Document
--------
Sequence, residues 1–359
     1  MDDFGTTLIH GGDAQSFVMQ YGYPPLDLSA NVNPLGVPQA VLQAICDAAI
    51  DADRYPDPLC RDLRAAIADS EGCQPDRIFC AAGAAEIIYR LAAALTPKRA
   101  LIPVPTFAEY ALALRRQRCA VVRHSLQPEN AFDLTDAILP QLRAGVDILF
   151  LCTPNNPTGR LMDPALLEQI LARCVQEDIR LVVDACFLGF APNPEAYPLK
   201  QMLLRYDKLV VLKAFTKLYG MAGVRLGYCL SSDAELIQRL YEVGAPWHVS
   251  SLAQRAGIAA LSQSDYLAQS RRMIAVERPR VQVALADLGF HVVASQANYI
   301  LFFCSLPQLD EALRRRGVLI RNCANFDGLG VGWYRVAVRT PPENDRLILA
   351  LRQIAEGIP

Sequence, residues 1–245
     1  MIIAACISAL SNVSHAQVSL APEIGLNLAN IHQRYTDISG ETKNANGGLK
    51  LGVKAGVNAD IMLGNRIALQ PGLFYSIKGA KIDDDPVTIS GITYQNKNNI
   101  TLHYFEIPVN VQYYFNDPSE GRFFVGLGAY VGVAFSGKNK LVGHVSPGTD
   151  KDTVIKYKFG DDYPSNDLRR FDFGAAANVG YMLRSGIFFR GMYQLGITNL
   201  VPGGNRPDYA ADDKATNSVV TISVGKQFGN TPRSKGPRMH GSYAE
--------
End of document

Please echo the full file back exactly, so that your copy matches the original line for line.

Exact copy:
Sequence, residues 1–359
     1  MDDFGTTLIH GGDAQSFVMQ YGYPPLDLSA NVNPLGVPQA VLQAICDAAI
    51  DADRYPDPLC RDLRAAIADS EGCQPDRIFC AAGAAEIIYR LAAALTPKRA
   101  LIPVPTFAEY ALALRRQRCA VVRHSLQPEN AFDLTDAILP QLRAGVDILF
   151  LCTPNNPTGR LMDPALLEQI LARCVQEDIR LVVDACFLGF APNPEAYPLK
   201  QMLLRYDKLV VLKAFTKLYG MAGVRLGYCL SSDAELIQRL YEVGAPWHVS
   251  SLAQRAGIAA LSQSDYLAQS RRMIAVERPR VQVALADLGF HVVASQANYI
   301  LFFCSLPQLD EALRRRGVLI RNCANFDGLG VGWYRVAVRT PPENDRLILA
   351  LRQIAEGIP

Sequence, residues 1–245
     1  MIIAACISAL SNVSHAQVSL APEIGLNLAN IHQRYTDISG ETKNANGGLK
    51  LGVKAGVNAD IMLGNRIALQ PGLFYSIKGA KIDDDPVTIS GITYQNKNNI
   101  TLHYFEIPVN VQYYFNDPSE GRFFVGLGAY VGVAFSGKNK LVGHVSPGTD
   151  KDTVIKYKFG DDYPSNDLRR FDFGAAANVG YMLRSGIFFR GMYQLGITNL
   201  VPGGNRPDYA ADDKATNSVV TISVGKQFGN TPRSKGPRMH GSYAE